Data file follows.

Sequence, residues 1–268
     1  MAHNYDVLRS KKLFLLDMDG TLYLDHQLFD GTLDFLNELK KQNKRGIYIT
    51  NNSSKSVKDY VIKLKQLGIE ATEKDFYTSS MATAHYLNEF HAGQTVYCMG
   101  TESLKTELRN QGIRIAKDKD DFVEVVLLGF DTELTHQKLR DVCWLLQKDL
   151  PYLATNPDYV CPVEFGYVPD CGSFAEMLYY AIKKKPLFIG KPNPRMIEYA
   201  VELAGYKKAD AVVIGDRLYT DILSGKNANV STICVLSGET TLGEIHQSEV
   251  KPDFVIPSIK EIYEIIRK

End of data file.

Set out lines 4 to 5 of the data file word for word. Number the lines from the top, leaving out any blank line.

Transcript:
   101  TESLKTELRN QGIRIAKDKD DFVEVVLLGF DTELTHQKLR DVCWLLQKDL
   151  PYLATNPDYV CPVEFGYVPD CGSFAEMLYY AIKKKPLFIG KPNPRMIEYA